UNCTAD, too, has taken aim at patents, contending that they have drained the limited financial resources of developing nations. The World Health Assembly, the governing body of the WHO, once featured a talk by the late Indian prime minister Indira Gandhi on the virtues of a world free of drug patents. For its part, UNIDO issued a report in 1980 contending that patents are a major part "of a strategy of domination used by the industrialized countries."
This element of the global management assault is most pernicious. Technology does not just exist; it must be created at cost and risk to the inventor. By making it more difficult for firms to recoup their costs, technology restrictions would discourage companies from marketing products overseas--including in developing nations, which so badly need infusions of capital, equipment, and know-how. The effect would be particularly damaging for pharmaceutical firms, whose products undergo an extended regulatory lag before they can go into use. Moreover, any technology gained will not have been specially tailored to fit the conditions of the acquiring country, nor will local manpower have been trained to use it. And, finally, making MNCs the victims of an international regulatory campaign will obviously make them less interested in voluntarily assisting Third World states.
Regulation of International Business
The UN is also the focus of wide-ranging efforts to control a variety of commercial activities, including seabed mining, the use of outer space, the marketing of pharmaceuticals, and the sale of infant formula. This facet of the campaign for global management would transfer effective control, rather than technical ownership, of resources from owners to the UN or to Third World countries individually.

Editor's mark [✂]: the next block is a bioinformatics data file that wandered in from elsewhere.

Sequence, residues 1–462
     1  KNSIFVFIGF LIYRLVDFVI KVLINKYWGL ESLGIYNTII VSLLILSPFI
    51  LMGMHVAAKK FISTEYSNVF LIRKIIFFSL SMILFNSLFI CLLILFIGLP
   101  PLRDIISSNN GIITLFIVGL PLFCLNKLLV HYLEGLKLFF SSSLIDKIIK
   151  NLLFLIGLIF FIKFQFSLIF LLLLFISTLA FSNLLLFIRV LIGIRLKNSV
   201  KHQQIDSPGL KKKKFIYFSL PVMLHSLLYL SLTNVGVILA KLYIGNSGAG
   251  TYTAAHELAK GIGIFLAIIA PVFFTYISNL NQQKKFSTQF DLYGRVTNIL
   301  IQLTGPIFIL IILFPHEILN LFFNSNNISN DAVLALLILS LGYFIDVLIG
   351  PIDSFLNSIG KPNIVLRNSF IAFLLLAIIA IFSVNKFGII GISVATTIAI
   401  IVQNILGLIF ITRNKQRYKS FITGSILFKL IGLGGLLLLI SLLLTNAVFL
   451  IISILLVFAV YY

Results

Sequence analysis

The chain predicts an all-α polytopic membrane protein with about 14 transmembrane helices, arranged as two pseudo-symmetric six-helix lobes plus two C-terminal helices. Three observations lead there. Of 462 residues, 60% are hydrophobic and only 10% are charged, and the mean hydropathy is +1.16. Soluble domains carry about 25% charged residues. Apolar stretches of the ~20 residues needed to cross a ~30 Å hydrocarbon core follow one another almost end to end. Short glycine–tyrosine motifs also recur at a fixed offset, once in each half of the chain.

The LOST would establish a massive regulatory apparatus to control private mining operations. UN officials even issued a report detailing the almost unlimited role they expected the seabed Authority to play.
The Moon Treaty mirrors the LOST in its provision for an international regime; any UN system ultimately negotiated is likely to possess equally expansive regulatory powers. Though the Unispace conference was devoted primarily to the issue of forcing the industrialized nations to help the Third World states, an attempt at any future conference to regulate space activities should not be unexpected.
The WHO has authority to regulate "the advertising and labeling" of pharmaceuticals and is developing standards for such regulation. WHO is also working on plans for an international FDA, which would be financed by fees from drug companies, to regulate drug quality and is pushing the concept of an "essential drug list" to encourage developing countries to limit the variety of drugs they import. In addition, the WHO has proposed an international marketing code, though it has now backed off and is currently monitoring the success of a voluntary industry code instead.